If you would, run MySQL Tuner, copy & paste the results in a PasteBin and post the link to the PasteBin here. I’ll be more than happy to look over it for you.

It’ll also be helpful to see what the top output is. You can do this by running:


And then pressing shift m followed by c on your keyboard. That’ll sort the processes by RAM usage and expand the commands / processes. You can then select (copy) and paste that in to the PasteBin as well.

To expand on the “used” RAM above, simply because I’ve “used” 1.9GB out of the 2GB I’ve been allocated does not mean that I’ve used that much. The 1.6GB’s from the cache column is included in that 1.9GB’s, so my actual usage is only ~300MB. The other 1.3GB is cached and used by current processes until they are either stopped, killed or restarted.

This particular Droplet does not have a swap allocation, which is why swap reports all 0’s.

  • @jtittle thank you.

    When / If it times out again, i’ll get the report to you, thanks again… much appreciated.

    • @mosaic - No problem, though I wouldn’t wait if this has been a recurring issue. As long as MySQL has been running for at least 24 hours, the output from MySQL Tuner will be valid. Ultimately, finding out what the issue is now would be better than waiting until you install another plugin, a heavier theme, or simply see increased traffic.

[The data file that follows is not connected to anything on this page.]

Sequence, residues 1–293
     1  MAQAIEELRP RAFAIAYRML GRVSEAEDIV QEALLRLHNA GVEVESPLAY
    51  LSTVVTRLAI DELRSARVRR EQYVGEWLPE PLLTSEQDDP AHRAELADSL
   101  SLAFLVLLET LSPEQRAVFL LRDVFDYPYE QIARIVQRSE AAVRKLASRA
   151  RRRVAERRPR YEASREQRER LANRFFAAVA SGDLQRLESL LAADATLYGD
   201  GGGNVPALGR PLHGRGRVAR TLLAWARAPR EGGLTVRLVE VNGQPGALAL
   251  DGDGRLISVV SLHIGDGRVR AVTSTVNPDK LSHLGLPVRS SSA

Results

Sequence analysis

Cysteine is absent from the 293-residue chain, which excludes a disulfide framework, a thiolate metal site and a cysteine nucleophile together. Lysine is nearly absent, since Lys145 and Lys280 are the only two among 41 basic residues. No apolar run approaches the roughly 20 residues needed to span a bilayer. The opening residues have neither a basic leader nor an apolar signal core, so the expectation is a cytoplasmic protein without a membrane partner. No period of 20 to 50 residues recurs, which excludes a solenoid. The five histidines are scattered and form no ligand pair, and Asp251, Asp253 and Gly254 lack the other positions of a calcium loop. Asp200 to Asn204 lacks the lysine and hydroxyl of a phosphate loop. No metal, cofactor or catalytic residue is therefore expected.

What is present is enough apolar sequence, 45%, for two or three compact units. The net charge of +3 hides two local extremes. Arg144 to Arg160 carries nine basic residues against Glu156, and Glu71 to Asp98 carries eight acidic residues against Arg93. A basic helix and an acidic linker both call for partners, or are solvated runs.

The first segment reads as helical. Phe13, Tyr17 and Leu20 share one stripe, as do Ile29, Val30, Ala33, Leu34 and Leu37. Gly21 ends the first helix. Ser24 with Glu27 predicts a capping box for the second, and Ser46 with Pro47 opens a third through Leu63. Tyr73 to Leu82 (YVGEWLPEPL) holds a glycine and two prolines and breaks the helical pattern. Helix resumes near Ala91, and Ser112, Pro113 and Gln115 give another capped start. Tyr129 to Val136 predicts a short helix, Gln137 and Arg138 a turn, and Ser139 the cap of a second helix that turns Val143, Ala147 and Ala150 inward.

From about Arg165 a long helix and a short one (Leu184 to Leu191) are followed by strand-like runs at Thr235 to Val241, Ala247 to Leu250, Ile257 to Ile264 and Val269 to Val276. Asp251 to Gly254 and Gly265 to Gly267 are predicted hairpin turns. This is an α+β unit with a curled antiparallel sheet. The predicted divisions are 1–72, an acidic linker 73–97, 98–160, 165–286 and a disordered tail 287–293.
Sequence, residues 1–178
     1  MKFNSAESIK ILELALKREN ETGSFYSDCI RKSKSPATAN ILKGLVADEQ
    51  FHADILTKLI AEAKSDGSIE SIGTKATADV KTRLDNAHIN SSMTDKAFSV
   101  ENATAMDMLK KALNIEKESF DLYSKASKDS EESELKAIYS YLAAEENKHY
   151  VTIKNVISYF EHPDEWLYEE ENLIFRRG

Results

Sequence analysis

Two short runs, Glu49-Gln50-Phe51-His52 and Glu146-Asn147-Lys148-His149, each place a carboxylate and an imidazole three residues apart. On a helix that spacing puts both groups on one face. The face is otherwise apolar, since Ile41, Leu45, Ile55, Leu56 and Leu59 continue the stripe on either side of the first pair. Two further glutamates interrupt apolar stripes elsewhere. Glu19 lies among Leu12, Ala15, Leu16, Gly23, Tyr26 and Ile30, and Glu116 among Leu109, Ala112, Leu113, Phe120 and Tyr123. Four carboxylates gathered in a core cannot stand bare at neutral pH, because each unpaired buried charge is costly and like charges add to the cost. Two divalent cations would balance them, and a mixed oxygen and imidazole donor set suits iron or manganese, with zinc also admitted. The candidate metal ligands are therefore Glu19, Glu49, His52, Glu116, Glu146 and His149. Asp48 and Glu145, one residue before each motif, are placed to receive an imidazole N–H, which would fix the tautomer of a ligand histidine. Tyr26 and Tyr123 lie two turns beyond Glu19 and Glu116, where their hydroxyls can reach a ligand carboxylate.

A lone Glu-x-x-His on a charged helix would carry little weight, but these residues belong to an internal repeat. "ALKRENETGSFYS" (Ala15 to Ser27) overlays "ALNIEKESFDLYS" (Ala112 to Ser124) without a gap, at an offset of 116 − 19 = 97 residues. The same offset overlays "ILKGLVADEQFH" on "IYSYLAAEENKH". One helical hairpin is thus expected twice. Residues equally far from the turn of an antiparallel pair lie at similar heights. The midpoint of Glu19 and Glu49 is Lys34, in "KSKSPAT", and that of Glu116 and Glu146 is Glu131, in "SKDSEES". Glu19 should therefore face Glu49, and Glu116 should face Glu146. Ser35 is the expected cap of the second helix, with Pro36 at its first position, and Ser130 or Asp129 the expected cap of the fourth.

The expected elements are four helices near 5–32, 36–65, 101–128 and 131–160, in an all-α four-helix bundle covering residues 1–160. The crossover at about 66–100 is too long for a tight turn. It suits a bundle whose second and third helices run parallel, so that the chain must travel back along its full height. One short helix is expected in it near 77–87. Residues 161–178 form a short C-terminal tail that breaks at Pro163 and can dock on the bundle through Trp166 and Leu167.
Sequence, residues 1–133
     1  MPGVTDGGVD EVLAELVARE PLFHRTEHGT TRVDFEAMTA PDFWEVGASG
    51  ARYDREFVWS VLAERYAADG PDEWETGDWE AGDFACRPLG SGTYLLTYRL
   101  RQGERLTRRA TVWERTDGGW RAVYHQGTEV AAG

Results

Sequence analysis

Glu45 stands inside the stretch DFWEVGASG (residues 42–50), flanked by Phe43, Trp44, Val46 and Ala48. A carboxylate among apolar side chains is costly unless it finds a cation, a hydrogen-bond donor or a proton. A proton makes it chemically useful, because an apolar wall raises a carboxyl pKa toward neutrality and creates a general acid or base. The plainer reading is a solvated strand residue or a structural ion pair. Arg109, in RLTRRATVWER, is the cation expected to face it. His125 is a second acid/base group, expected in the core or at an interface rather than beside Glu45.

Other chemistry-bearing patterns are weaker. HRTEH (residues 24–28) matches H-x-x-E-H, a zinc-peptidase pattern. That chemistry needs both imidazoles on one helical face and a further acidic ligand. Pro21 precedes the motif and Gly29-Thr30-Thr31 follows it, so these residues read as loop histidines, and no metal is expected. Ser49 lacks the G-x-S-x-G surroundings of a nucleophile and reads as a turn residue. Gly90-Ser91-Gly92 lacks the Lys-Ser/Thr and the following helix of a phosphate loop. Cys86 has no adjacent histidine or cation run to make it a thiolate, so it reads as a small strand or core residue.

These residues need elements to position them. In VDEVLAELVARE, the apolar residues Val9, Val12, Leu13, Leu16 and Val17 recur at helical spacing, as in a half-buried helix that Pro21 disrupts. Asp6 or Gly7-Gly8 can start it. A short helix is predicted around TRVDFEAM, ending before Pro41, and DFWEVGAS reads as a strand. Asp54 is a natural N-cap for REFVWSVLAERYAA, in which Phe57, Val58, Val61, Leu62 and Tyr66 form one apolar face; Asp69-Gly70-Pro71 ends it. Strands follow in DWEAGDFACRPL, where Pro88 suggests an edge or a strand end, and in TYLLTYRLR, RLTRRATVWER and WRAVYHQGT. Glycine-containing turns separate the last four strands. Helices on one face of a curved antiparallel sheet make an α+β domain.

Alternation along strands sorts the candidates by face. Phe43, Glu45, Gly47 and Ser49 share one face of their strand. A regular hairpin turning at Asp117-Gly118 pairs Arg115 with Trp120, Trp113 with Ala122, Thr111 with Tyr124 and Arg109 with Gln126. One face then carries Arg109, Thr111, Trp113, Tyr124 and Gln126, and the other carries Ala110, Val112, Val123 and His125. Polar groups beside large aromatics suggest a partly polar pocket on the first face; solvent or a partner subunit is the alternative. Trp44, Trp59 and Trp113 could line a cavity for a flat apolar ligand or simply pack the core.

Like PHP-FPM, when you restart MySQL, the cache is wiped, thus you start from square one all over. Queries will be cached as they are called (if query caching is enabled – by default, on most configurations, it’s not), though it’s best to simply keep a running cache (where and when possible) with as few interrupts as possible.

      The process of testing various configurations will take a little time as well as, unless the new configuration immediately results in MySQL crashing, we’ll need to wait 24 hours on each update.

      • I have noticed that the company’s staff (50+ employees) emails had a piece of code in the footer that was referencing icons that were on their old server, which were not actually on the new server which resulted in 1000’s of calls a minute.

        I copied these files to the server and the memory dropped considerably. They are also changing their email footer so that it doesn’t not make a call to the website every time an email is opened.